How to Deal With Peptic (Stomach) Ulcers

For the longest time I’ve met people suffering from ”Ulcers”. They always had stomach pains and severe vomiting. Even the little water or the drugs they took couldn’t sit. I never really understood what it was all about until recently when I did my research. Now that I know the actual facts, I understand their ailment. They say, when you are out of the dark it’s best to enlighten others so I’ll share with you what I dug up.

The condition commonly referred to as ‘ulcers’ is medically called Peptic Ulcers Disease. It refers to painful sores or ulcers in the lining of the stomach or first part of the small intestine, called the duodenum. Peptic ulcers occur when the lining of these organs is corroded by the acidic digestive (peptic) juices which are secreted by the cells of the stomach. A peptic ulcer differs from an erosion because it extends deeper into the lining of the esophagus, stomach, or duodenum and excites more of an inflammatory reaction from the tissues that are eroded.

Health factors
The two most important initiating causes of ulcers are infection of the stomach by a bacterium called “Helicobacter pyloricus” (H. pylori) and chronic use of nonsteroidal anti-inflammatory medications or NSAIDs, including aspirin.The lining of the stomach is coated with mucus, which protects the lining from harmful effects of the acid. H. pylori bacteria and anti-inflammatory drugs (NSAIDs) can break down the stomach’s defence against acid, allowing the acid to cause an ulcer.

Lifestyle factors
One’s lifestyle is always an important factor of health. Some medical practitioners conclude that cigarette smoking not only causes ulcers, but it also increases the risk of complications from ulcers such as ulcer bleeding, stomach obstruction, and perforation. Cigarette smoking also is a leading cause of failure of treatment for ulcers.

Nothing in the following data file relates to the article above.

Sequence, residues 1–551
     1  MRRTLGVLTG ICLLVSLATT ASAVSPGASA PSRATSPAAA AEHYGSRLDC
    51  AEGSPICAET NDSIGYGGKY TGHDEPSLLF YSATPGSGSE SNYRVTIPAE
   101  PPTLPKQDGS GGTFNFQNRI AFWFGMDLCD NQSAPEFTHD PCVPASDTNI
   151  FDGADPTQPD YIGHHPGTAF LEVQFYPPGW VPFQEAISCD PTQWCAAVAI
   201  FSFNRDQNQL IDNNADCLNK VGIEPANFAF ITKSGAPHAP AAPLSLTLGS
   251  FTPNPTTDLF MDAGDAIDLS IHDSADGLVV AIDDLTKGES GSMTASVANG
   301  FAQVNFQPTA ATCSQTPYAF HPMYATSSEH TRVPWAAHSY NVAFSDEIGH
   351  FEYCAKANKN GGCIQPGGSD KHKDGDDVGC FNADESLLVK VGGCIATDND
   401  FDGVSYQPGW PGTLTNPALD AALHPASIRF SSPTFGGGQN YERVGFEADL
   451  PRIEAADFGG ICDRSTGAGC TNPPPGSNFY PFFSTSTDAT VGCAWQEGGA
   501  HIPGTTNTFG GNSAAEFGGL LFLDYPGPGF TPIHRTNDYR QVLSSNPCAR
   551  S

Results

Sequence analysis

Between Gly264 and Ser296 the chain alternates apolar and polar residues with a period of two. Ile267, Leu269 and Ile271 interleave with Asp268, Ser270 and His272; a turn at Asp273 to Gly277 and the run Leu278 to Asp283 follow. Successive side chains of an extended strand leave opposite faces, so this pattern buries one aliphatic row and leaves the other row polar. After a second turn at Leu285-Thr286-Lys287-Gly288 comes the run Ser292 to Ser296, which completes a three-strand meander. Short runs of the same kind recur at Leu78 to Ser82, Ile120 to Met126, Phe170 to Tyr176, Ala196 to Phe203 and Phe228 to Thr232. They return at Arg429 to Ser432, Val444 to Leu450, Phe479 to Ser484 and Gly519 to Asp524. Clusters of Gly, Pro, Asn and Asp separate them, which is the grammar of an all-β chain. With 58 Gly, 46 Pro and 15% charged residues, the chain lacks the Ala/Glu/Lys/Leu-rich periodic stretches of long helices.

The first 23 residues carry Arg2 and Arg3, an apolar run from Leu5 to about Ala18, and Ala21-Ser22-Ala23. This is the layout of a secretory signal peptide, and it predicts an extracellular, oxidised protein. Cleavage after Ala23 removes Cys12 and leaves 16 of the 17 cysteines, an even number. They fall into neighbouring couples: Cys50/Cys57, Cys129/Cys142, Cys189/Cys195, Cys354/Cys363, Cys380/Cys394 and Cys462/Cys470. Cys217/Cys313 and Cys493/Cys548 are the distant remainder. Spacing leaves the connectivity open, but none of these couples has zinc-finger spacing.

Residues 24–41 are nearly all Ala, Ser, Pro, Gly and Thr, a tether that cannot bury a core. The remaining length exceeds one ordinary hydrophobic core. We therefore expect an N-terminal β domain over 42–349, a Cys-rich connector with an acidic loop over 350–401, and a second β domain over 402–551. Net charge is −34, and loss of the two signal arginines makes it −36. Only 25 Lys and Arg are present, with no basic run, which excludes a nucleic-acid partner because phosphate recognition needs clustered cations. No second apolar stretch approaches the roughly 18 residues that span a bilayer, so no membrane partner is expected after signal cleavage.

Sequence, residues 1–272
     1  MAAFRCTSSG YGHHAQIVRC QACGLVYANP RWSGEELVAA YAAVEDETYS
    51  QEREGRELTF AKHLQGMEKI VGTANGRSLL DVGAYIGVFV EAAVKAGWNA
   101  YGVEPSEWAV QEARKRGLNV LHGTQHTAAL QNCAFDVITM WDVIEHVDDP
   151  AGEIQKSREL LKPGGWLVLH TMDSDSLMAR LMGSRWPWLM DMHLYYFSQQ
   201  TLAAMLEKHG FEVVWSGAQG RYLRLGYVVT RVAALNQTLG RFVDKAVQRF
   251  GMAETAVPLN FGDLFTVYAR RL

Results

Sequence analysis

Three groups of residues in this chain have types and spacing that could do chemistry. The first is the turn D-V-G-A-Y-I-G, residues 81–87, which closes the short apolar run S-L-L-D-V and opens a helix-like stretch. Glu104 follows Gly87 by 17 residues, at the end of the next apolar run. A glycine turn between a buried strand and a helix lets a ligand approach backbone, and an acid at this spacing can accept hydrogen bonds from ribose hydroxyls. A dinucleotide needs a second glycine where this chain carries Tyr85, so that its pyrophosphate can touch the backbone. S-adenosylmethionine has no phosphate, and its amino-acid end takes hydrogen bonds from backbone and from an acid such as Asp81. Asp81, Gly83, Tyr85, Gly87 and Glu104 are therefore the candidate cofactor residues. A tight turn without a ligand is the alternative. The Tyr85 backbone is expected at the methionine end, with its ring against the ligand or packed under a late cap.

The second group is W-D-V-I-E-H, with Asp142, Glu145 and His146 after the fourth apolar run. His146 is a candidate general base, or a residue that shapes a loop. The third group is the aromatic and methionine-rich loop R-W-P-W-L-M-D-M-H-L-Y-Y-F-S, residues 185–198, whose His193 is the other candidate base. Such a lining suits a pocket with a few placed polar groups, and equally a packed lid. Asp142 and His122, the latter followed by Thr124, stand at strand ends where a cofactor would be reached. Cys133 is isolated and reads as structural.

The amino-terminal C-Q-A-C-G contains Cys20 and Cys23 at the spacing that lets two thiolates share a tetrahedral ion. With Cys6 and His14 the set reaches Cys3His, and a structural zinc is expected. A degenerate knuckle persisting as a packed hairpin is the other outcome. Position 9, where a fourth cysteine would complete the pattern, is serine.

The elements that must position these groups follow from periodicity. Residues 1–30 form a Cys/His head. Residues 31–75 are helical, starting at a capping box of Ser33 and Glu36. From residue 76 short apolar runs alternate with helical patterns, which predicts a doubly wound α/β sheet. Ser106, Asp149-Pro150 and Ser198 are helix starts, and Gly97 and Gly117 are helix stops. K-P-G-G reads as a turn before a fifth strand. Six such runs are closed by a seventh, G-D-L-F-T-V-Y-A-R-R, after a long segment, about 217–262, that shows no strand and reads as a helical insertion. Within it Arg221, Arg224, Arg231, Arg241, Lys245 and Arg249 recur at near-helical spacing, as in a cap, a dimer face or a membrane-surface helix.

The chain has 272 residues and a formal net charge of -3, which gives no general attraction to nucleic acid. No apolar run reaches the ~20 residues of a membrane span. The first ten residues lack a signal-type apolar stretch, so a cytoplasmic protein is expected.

However the thought that stomach ulcers is caused by certain lifestyle factors, such as spicy foods, stress, smoking and alcohol is not confirmed as a fact. There is little hard evidence to confirm that this is the case.

It may be that although these types of lifestyle factors do not cause ulcers, they may make the symptoms of ulcers worse.


  • The most common symptom of a stomach ulcer is a burning or gnawing pain that develops in your abdomen (tummy). The pain can also travel up to your neck, down to your navel (belly-button) or through to your back.The pain associated with a stomach ulcer is caused by the ulcer itself and stomach acid that comes into contact with the ulcer and irritates it.
  • Indigestion
  • Heartburn
  • Loss of appetite

When it’s a severe, stomach causes serious complications such as :

  • vomiting blood – the blood can appear bright red or have a dark brown, grainy appearance similar to coffee grounds
  • passing black tar-like stools
  • a sudden, sharp pain in your stomach that gets steadily worse and does not improve


The treatment depends on what causes the patient’s stomach ulcers: H. pylori infection or non-steroidal anti-inflammatory drugs (NSAIDs) or both.